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Having trouble showing the following relation:

$$A\cdot B + A'\cdot B' + B\cdot C = A\cdot B + A'\cdot B' + A'\cdot C $$ using Boolean Algebra. Any help is appreciated.

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  • $\begingroup$ is there any typo in your fomula? please note that it only differs in $B \cdot C = A' C$. $\endgroup$ – RGS Nov 10 '16 at 16:51
  • $\begingroup$ Definitely no typo - just triple checked from a Sample Exam I'm working through. That threw me off too. $\endgroup$ – jamesmbcn Nov 10 '16 at 16:56
  • $\begingroup$ is there any known relation between $A, A', B, B', C$ or $C'$? Because if there is none, I suspect that is very false. $\endgroup$ – RGS Nov 10 '16 at 16:58
  • $\begingroup$ @RSerrao I just worked this numerically on paper. This works, and the statement is not false. $\endgroup$ – DBPriGuy Nov 10 '16 at 16:59
  • $\begingroup$ No relation given - just asked to prove it using Boolean Algebra or Perfect Induction. Induction isn't difficult, but I wasn't able to manage to show it using Algebra and hoping someone could help. $\endgroup$ – jamesmbcn Nov 10 '16 at 17:00
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$$\begin{array}{rcl}(A+A')=1 &\mbox{ and } &(B+B')=1 \\ (A+A')\cdot(B+B')=1& \implies &(A\cdot B + A\cdot B' + A'\cdot B + A'\cdot B') =1\\ A\cdot B + A'\cdot B' +B\cdot C &=& (A\cdot B + A\cdot B' + A'\cdot B + A'\cdot B') \cdot (A\cdot B + A'\cdot B' +B\cdot C)\\ &=&(A\cdot B +0+A\cdot B\cdot C)+(0+0+0) \\ &&+ (0+0+A'\cdot B\cdot C) + (0+A'\cdot B' + 0)\\ &=& A\cdot B + A'\cdot B\cdot C + A'\cdot B' \\ &=& A\cdot B + A'\cdot( B\cdot C + B') \\ &=& A\cdot B + A'\cdot( C+B') \\ &=& A\cdot B + A'\cdot C + A'\cdot B'\\ A\cdot B + A'\cdot B' +A'\cdot C &=& (A\cdot B + A\cdot B' + A'\cdot B + A'\cdot B') \cdot (A\cdot B + A'\cdot B' +A'\cdot C)\\ &=&(A\cdot B +0+0)+(0+0+0) \\ &&+ (0+0+A'\cdot B\cdot C) + (0+A'\cdot B' + A'\cdot B'\cdot C)\\ &=& A\cdot B + A'\cdot (B'+B)\cdot C + A'\cdot B'\\ &=& A\cdot B + A'\cdot C + A'\cdot B'\\ \end{array} $$ And since they are both equal to $A\cdot B + A'\cdot C + A'\cdot B'$ they are equal to each other.

I have used, in the first half of this proof, $$ B\cdot C + B' = C+B' $$ which is much easier to prove if you don't already have it as a lemma.

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  • $\begingroup$ Thanks for the help! Just one question - how did you simplify $A\cdot B\cdot C + A'\cdot B\cdot C$ to just $A'\cdot B\cdot C$ in your 4th line of working? $\endgroup$ – jamesmbcn Nov 10 '16 at 17:56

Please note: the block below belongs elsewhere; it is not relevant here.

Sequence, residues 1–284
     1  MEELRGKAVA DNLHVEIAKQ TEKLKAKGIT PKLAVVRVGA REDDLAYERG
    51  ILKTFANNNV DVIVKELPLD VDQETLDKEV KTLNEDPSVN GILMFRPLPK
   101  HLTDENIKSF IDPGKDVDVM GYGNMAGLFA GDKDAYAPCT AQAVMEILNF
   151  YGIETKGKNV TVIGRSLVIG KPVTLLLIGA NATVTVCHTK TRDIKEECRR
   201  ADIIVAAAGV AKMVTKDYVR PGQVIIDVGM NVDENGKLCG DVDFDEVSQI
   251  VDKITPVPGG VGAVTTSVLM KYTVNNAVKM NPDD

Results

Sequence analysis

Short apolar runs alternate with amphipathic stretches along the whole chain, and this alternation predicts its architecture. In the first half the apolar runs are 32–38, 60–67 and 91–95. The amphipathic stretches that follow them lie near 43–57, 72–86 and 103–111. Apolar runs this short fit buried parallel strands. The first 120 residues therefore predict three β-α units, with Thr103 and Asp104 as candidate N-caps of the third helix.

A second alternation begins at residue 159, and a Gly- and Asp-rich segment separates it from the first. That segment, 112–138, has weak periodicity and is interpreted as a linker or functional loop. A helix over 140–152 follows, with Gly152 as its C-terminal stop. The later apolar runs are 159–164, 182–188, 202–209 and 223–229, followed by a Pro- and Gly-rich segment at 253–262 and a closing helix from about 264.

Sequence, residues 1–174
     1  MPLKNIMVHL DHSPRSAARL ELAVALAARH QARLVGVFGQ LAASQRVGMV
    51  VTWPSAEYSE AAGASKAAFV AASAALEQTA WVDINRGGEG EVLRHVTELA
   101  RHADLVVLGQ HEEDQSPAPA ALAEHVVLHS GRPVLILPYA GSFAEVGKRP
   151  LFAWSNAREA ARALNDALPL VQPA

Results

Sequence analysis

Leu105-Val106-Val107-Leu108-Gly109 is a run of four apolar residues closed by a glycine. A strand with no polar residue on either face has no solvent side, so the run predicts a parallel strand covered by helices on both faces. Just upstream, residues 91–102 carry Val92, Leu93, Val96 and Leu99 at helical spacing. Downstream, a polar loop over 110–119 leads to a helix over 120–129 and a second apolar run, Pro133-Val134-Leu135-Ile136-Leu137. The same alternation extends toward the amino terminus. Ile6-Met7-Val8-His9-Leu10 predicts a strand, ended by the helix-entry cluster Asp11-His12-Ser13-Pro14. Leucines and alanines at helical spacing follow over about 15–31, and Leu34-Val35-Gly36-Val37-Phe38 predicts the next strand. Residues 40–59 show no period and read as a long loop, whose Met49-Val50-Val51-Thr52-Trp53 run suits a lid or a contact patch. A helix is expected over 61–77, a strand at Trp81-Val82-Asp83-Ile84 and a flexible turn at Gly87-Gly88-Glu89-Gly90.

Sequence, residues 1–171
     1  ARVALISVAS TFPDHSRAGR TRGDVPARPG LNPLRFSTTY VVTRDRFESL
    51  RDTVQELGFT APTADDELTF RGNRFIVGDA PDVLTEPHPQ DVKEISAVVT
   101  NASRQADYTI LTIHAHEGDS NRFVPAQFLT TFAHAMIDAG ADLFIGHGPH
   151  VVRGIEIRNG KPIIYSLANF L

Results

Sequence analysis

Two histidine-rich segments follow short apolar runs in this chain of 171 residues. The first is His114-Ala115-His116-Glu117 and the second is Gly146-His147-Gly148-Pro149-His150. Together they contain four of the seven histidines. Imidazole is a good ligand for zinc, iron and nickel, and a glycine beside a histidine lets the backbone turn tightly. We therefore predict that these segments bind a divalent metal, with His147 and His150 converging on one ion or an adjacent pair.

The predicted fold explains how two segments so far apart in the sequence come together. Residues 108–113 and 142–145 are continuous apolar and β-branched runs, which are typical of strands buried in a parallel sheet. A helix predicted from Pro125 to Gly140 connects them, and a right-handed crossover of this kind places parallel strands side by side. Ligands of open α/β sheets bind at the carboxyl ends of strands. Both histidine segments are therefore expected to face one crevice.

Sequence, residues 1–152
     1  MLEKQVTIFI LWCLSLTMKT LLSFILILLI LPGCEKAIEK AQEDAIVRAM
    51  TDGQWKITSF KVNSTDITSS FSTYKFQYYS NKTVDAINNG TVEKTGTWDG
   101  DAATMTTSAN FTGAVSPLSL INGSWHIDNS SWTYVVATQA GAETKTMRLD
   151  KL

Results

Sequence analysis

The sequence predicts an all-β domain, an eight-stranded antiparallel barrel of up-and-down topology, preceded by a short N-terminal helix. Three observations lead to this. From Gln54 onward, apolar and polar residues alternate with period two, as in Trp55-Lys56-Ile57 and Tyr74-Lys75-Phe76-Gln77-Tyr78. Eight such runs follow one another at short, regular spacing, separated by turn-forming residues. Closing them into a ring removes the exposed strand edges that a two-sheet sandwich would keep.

• $\begingroup$ Actually I think I might understand - if $A\cdot B$ is on then the output is also on regardless of whether $A\cdot B\cdot C$ is on or not. Thus because the second term requires A and B to be on it is made redundant by the first term and we can ignore it. Is this the idea? $\endgroup$ – jamesmbcn Nov 10 '16 at 18:01
  • $\begingroup$ Yes, in general $(X+X\cdot C) = X$. $\endgroup$ – Mark Fischler Nov 10 '16 at 18:22
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Okay, the thing with Boolean Algebra is, that sometimes it gets messier before it gets cleaner.

We start with:

$$A\cdot B + A'\cdot B' + B\cdot C$$

Note that the following is true in general:

$$A\cdot B = A\cdot B \cdot C + A \cdot B \cdot C'$$

So, with the starting expression:

$$A\cdot B + A'\cdot B' + B\cdot C = A\cdot B \cdot C + A \cdot B \cdot C' + A'\cdot B' \cdot C + A' \cdot B' \cdot C' + A\cdot B \cdot C + A' \cdot B \cdot C$$

If you do your reduction right from here, you should be able to prove the relation.

This is because:

$$A' \cdot B' \cdot C + A' \cdot B \cdot C = A' \cdot C$$

as per the inverse property.

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  • $\begingroup$ Thanks a ton - that's a pretty neat 'trick' if you can call it that actually, I'll make a note of remembering it haha. I got to the point: $A\cdot B + A'\cdot C + (A+B+C)' + A\cdot B\cdot C$ but am not sure how to continue from here; any suggestions? $\endgroup$ – jamesmbcn Nov 10 '16 at 17:58
  • $\begingroup$ From what you have: $A \cdot B + A' \cdot C + (A + B + C)' + A \cdot B \cdot C = A \cdot B + A' \cdot B \cdot C + A' \cdot B' \cdot C + A' \cdot B' \cdot C' + A \cdot B \cdot C = A \cdot B + A' \cdot B' \cdot C + A' \cdot B' \cdot C' + A \cdot B \cdot C + A' \cdot B \cdot C = A \cdot B + A' \cdot B' + B \cdot C$ (again, using that 'trick', which is called Adjacency) $\endgroup$ – Bram28 Nov 10 '16 at 18:21
  • $\begingroup$ @jamesmbcn No need to use DeMorgan. Also, remember that $$A \cdot B + A\cdot B \cdot C = A \cdot B$$ since $$A \cdot B$$ encompasses the latter. Let me know if you are still stuck, and I can post the full solution $\endgroup$ – DBPriGuy Nov 10 '16 at 18:46

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